A place where one woman has gathered resources and information to help her family survive in an uncertain future; together with occasional personal musings.

Thursday, August 12, 2010

What Does Collapse Look Like?

Again, from Sharon Astyk. I'm afraid I am a bit more pessimistic than she is. Although I think the "baby-on-a-spit" scenario is remote, I think we are in for a much rougher ride than she outlines below. My best hope, frankly, is that organized society will last long enough that I will be dead before the worst occurs and secondarily, that my children will also be dead (of old age). See, I think the baby-on-a-spit scenario is remote only in time, not in probability.


What are the common features of collapsed societies? I could go back to Rome, of course, but there's probably no need. There are some common features of modern collapses that we can speak of.

1. People get really pissed at their government. This usually leads to some measure of civil unrest, and often government change. Sometimes this is good, sometimes this is bad - it also, as we know, can lead to the government or others scapegoating someone or other, which is really bad. Generally the better outcomes come when the government seems to respond to the people, and also, when the government gets out of the people's way and also lets them respond.

2. Crime rates go up and services like police protection are less available or privatized - one universal features of collapsed socities is that they are more violent. But that doesn't tend to mean warlords killing everyone in their path - it tends to mean more street violence, robbery, rape, and murder, along with sometimes for-profit kidnapping. It tends to mean that people are vulnerable, and afraid, and often can't trust the authorities - it could be rather like being African-American in many poor urban neighborhoods, or it could be like living in Baghdad. Generally speaking, you don't want your kids to go out very much, you tend to avoid going out yourself, and safety becomes a serious issue.

3. Everyone gets poorer fast - this perhaps the most universal outcome. When societies collapse, the percentage of people who are poor goes way up - in Argentina, for example, the 2001 collapse virtually wiped out the middle class and pushed poverty levels up from lows around 20% to nearly 57%. This, I think, is the one universal likely outcome, and of course, right at the moment it is occurring.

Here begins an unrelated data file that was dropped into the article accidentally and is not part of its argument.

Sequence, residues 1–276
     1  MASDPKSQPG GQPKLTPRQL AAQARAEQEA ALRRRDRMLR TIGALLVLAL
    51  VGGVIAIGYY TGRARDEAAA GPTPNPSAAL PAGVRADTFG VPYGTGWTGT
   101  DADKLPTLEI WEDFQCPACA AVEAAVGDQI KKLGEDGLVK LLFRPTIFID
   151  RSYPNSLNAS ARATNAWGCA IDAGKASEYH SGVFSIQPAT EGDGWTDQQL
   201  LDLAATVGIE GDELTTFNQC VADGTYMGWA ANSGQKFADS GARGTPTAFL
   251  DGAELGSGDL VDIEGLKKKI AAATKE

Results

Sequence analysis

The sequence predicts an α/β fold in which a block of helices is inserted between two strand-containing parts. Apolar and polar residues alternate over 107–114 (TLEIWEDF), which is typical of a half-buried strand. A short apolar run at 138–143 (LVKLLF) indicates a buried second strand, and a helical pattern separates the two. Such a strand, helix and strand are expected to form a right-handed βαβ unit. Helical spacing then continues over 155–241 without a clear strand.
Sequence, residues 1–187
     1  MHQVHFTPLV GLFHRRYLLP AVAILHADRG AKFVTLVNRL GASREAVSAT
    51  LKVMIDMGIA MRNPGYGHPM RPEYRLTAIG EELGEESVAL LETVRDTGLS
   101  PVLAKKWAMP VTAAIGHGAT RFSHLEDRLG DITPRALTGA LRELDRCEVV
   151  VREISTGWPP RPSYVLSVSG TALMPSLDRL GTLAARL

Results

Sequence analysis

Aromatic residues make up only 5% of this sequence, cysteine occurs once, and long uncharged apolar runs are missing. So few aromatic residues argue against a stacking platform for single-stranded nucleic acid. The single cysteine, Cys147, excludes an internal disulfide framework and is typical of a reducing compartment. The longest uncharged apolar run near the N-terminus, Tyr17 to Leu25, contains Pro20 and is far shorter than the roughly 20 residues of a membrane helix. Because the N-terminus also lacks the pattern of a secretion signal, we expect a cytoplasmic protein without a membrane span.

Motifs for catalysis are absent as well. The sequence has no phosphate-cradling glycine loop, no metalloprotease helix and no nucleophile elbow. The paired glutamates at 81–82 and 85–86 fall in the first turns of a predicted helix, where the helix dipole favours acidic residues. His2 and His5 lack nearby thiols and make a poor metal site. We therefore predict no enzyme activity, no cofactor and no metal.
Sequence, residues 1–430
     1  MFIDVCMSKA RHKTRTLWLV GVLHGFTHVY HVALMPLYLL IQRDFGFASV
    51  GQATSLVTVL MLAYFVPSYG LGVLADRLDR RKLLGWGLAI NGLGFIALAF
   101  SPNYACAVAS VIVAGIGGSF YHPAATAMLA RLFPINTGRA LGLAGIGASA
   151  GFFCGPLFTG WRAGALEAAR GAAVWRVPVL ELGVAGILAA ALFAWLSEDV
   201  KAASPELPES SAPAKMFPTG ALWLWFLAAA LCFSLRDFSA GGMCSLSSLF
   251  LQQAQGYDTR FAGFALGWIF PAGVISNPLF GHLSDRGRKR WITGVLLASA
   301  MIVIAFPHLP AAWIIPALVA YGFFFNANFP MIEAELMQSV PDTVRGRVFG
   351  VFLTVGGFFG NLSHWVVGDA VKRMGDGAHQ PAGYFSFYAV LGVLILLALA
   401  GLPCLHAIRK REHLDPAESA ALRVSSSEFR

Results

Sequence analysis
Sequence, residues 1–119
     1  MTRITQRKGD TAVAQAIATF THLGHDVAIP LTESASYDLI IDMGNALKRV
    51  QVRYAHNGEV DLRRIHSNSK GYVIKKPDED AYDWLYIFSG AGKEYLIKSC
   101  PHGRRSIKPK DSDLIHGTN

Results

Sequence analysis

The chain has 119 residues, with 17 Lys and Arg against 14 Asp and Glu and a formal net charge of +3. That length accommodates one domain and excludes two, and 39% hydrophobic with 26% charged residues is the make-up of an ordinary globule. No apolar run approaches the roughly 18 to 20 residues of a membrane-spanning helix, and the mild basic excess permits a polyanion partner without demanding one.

4. The cost and attainability of food becomes an issue. Accounts from Argentina, which was previously both stable and affluent suggests that many desired foods, particularly imports are often unavailable, and more importantly, widespread economic impacts make it harder to buy food. Health impacts from this, and lack of medical care, along with depression and drug and alcohol use begin to show up.

5. Services and utilities are widely disrupted. Sometimes the disruption comes, as is common among the US poor, because people can't afford to pay the bill - tens of thousands of US households, for example, will have their utilities cut off on April 1, just as soon as it is legal (most utilities can't cut off a household in the winter). But people also endure service interruptions because of aging infrastructure and because of social disruption. You are much more likely to spend time with no power, have no trash pickup, run out of gas and have the delivery trucks not come through...

6. People are pushed together - whether they are herded into ghettos or lose their housing, extended families, biological and otherwise come to rely on each other. So do communities and neighbors - when someone has food, you share. When someone needs a place to stay, you let them come in. A culture of sharing emerges, and it is extremely useful to have stuff to share.

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